For ten years, MIMA has gathered the industryâ€™s finest talent to speak at the annual MIMA Summit. 2011 will be no different. This yearâ€™s MIMA Summit speakers include Rand Fishkin, CEO and Co-Founder of SEOMoz, a leading provider of software tools and industry knowledge to professionals in the search engine optimization (SEO) industry. Rand took some time to share his thoughts about where the SEO industry has been and where it’s going.
Josh Braaten: As a speaker and leader of a well-known SEO software company, youâ€™ve watched the SEO industry grow and mature. What are the biggest mistakes companies have made with SEO and what mistakes do companies continue to make?
Rand Fishkin: Thereâ€™s a lot of folks who underinvest or fail to invest in SEO at all, either because theyâ€™re unaware of the practice or believe it wonâ€™t work. That lack of investment leads to a less discoverable website and means they donâ€™t reap the rewards of their branding and marketing efforts on or offline.
For those who do invest, but make mistakes, I see a lot of unfortunate moves, but I think the biggest is a general attitude of pursuing shortcuts and low-value tactics rather than building a solid brand on the web. I was speaking at an affiliate conference in New York City this past weekend and was asked by an audience member whether she could stop writing â€śall-uniqueâ€ť content when submitting pieces to article directories and article â€śspinnerâ€ť sites and could simply make the first and last paragraph unique… Thereâ€™s just so many problems with that entire approach and attitude, it was hard to even know how to begin answering.
Youâ€™ve been active in the SEO industry for coming up on ten years now. How has your understanding of SEO changed over the years? How has your way of explaining the value of SEO to non-believers changed?
I used to start explaining SEO by diving into the tactics of the practice – how you need to do keyword research and build and accessible site and make good content – all that. It wasnâ€™t untrue, but it also didnâ€™t tell a compelling narrative.
Today, if Iâ€™m explaining SEO, I start where searchers start – with a need. People want to know things. And they donâ€™t just want to find low quality junk thatâ€™s been manipulated to the top of the results — they want amazing resources that answer their every question and more. They want depth, detail, social proof, and content thatâ€™s worth sharing.
We all have that primal need for information, and search is the best, fastest way to discover it. Google gets more than 3 billion searches each day! But unless someone is creating great stuff and marketing it well on the web, search becomes a fruitless, frustrating activity. Thatâ€™s why I love SEO – itâ€™s about making great stuff and getting it in front of the people who need it. Whatâ€™s not to love?!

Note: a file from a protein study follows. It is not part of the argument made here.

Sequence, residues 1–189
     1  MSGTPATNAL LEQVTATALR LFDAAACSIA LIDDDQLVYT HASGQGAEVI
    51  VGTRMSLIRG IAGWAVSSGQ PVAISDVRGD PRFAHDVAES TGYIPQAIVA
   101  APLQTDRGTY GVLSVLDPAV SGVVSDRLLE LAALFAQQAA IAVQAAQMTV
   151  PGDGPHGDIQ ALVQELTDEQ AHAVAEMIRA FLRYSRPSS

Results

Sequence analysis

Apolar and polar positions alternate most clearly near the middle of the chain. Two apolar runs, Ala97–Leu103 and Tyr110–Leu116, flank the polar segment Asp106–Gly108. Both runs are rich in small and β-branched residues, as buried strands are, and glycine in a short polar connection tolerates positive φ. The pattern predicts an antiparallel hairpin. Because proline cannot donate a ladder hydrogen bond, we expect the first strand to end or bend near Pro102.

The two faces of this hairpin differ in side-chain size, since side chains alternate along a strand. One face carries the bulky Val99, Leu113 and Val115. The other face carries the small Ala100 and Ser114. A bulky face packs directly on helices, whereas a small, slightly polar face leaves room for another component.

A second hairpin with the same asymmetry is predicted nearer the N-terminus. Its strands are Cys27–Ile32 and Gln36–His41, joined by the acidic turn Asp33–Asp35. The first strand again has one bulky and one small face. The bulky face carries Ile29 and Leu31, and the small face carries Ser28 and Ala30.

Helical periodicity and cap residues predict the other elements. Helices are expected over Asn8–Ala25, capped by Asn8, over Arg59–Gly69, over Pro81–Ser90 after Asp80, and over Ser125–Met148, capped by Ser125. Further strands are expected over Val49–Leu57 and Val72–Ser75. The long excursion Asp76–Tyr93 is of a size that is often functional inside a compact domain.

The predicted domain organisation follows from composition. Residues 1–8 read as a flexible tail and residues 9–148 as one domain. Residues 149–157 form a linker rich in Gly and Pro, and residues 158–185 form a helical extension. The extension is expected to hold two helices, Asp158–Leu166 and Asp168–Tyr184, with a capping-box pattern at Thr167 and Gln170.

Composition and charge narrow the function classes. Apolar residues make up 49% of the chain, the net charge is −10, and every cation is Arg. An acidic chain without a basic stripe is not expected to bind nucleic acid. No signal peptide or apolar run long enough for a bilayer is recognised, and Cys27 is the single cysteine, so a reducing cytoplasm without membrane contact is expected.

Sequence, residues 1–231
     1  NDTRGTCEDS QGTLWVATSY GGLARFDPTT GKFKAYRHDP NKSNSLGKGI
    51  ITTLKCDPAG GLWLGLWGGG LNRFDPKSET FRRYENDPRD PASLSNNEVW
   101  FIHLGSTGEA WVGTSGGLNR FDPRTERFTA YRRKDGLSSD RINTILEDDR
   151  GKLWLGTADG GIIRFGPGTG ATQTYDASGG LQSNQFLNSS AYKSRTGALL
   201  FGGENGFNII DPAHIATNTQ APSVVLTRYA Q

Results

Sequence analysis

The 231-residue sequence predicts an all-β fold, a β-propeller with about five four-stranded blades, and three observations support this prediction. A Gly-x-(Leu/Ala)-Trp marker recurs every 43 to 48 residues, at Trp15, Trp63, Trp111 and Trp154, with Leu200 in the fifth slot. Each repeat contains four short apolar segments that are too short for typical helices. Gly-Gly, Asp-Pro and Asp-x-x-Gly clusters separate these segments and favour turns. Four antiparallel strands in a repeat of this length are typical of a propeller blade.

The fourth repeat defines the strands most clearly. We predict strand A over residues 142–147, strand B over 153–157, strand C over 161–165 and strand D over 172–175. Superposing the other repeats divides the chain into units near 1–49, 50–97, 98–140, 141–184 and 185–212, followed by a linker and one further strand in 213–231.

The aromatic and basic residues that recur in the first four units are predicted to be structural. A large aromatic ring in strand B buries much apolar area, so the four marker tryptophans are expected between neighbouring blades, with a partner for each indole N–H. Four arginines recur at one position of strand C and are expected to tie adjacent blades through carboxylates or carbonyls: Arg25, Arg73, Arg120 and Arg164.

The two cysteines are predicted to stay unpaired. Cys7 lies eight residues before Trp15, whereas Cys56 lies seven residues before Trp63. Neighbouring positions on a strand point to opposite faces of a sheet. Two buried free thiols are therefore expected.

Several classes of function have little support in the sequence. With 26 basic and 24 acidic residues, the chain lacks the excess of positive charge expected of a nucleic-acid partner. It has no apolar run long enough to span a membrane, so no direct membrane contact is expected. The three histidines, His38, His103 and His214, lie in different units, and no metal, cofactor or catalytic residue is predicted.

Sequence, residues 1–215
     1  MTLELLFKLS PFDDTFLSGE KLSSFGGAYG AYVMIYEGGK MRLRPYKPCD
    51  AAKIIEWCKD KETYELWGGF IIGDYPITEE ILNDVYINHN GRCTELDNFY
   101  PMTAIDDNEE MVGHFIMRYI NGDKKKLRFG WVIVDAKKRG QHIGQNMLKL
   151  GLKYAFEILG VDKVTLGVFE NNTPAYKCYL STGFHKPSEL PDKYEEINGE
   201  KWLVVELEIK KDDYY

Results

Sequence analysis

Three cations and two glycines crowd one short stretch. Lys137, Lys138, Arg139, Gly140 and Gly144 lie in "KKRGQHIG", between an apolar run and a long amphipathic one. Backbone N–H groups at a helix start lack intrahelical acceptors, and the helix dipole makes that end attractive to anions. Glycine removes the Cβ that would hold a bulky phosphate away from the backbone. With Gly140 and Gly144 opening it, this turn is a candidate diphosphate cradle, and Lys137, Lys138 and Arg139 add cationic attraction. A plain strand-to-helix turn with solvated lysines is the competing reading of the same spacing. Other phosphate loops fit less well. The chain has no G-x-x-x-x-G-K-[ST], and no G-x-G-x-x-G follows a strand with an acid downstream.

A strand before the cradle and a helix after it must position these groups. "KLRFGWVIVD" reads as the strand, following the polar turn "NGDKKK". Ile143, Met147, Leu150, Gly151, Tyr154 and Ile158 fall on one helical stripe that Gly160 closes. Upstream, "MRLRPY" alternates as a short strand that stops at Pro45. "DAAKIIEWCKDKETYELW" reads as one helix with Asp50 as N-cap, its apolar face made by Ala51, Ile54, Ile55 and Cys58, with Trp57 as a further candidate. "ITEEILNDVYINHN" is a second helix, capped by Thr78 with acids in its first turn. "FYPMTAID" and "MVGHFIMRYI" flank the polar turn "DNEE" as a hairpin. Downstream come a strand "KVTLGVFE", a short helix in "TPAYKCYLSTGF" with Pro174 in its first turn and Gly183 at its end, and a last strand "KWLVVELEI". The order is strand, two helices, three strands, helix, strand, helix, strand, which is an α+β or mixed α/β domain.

Just as interactive marketing has changed dramatically over the last ten years, it will continue to do so over the next ten. If you had to guess, what are some of the biggest changes on the horizon for SEO?
I think weâ€™re going to see a lot more authenticity and passion from marketers in the work they create and in how they market it. The past decade gave us a lot of shortcuts to ranking content, but the last few years have fundamentally changed what it takes to build a successful business on the web. The growth of vertical search (videos, local, images, etc), the rise and subsequent fragmentation of social media (Facebook, Twitter, LinkedIn, Google+, FourSquare, etc) and the growing sophistication of the search engines (Googleâ€™s Panda update, Bingâ€™s improvements on webspam, user/usage data in SERPs, social proof through social media connections, etc) are all changing the game.
Along with these shifts come a huge need for greater responsbility among SEOs themselves. You canâ€™t just work on keywords and links anymore and be successful. Youâ€™ve got to embrace social and analytics and vertical search and content marketing and conversion rate optimization and… Well, you get the idea.
Whatâ€™s the most common misconception people have about SEO? How might your session at the 2011 MIMA Summit help to clear up those misconceptions and help people advance their own SEO strategy?
People think SEO is a process. Itâ€™s not – itâ€™s become a strategy. Itâ€™s bigger than the building blocks of good rankings – SEO today involves nearly everything about building a great business on the web, and that means SEOs need to take a broader view. Iâ€™m planning to talk about this strange death and rebirth of SEO, and why I love the new way of doing SEO and inbound marketing as a whole so much more. I think folks will really enjoy it, and Iâ€™ll have plenty of very specific, actionable recommendations mixed in there, too.
Learn more about Rand Fishkin and SEO by visiting the SEOmoz blog. If you want to see Rand Fishkin present live and in person, visit MIMA Summit 2011 and register for this yearâ€™s event. Rand joins keynote speakers Avinash Kaushik and Chris Anderson in this yearâ€™s special 10-year anniversary MIMA Summit.
Rand at the MIMA Summit
Rand on the SEOmoz Blog
Get your tickets for the Summit
A special thanks to Josh Braaten, a MIMA volunteer, for hosting this interview. Josh is an Online Marketing Manager at Rasmussen College. He has worked in marketing and on websites for over five years. Josh also has a B.A. in Economics from St. Johnâ€™s University. Josh loves Internet marketing and blogs about SEO, web analytics and related topics on his Internet marketing blog. Connect with Josh on Twitter, LinkedIn, and +Josh Braaten.